Social awareness, citizen participation, political militancy and commitment

For the interviewees, social and citizen participation is a fundamental part of personal life, key in triggering changes in the representations of everyday life, in mobilizing for the defense of human and environmental rights, in monitoring and accountability of the governments, and in the incidence in the public policies. Both are considered important mechanisms for the formation of leaders and loyal representatives capable of collaborating with other actors, intervening in matters of common interest and influencing decisions that benefit utopias.

And although criticism and negative opinions about political institutions and governments are often shared among sympathizers of alternative economies, relations with them are increasingly conceived from a strategic logic of occupying institutional spaces, not to gain power but to gain influence. ideological and allies, in addition to being able to channel resources and voice to the social causes that matter. “I bet on all the trenches,” says Érika, a 32-year-old social worker, assuming herself as a public servant of the municipality, at the same time that she is a passionate militant and activist in more than seven different anarcho-eco- initiatives and organizations. feminist.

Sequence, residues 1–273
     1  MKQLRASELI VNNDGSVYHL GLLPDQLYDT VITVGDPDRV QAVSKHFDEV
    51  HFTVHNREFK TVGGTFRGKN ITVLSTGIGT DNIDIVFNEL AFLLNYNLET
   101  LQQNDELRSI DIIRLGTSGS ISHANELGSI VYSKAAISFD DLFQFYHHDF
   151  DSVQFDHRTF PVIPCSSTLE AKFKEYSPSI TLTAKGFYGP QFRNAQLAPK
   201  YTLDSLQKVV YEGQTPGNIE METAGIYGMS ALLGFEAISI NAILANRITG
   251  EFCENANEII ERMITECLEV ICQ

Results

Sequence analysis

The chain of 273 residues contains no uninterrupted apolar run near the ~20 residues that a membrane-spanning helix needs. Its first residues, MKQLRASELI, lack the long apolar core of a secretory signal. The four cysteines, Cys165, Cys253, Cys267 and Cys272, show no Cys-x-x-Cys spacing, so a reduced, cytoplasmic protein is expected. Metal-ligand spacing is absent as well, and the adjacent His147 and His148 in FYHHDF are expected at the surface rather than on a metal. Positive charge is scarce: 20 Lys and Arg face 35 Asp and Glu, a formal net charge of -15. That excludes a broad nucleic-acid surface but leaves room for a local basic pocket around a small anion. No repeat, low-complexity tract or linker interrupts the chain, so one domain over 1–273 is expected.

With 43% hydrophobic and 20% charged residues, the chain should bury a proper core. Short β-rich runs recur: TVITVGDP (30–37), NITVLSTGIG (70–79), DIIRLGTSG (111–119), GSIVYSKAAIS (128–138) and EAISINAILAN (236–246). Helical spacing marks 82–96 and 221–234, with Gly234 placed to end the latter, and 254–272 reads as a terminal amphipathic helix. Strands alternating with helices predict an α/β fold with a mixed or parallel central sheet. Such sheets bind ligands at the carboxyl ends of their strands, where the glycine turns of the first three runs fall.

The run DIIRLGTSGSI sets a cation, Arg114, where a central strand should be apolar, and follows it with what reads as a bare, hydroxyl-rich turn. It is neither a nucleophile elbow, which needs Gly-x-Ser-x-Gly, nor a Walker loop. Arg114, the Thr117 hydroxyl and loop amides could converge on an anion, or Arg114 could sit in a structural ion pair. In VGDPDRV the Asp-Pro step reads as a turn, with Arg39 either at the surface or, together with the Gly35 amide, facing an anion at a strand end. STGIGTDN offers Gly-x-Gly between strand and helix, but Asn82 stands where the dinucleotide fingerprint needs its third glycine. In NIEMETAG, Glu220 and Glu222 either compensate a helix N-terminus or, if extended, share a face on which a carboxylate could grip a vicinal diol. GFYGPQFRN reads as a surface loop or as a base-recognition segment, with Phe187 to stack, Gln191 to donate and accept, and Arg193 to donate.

Articulation of the ecosystem of social and alternative movements

Among those who promote alternative economic practices and organizations, it is urgent to articulate the nascent ecosystem of initiatives and groups under a common agenda, which would mean the beginning of a process of organization and empowerment that would trigger the construction of common projects and social cohesion. Based on trends in other cities in the world, where the conformation of neighborhoods, areas or solidarity districts that concentrate various projects, shops and alternative-type enterprises, such as social enterprises, cooperatives of all kinds, alternative markets, bazaars of the free, social centers, self-managed housing, among others, the possibility of developing similar scenarios in Guadalajara and its surroundings is envisioned.

Change of representations and positioning of other imaginaries, ways of life and coexistence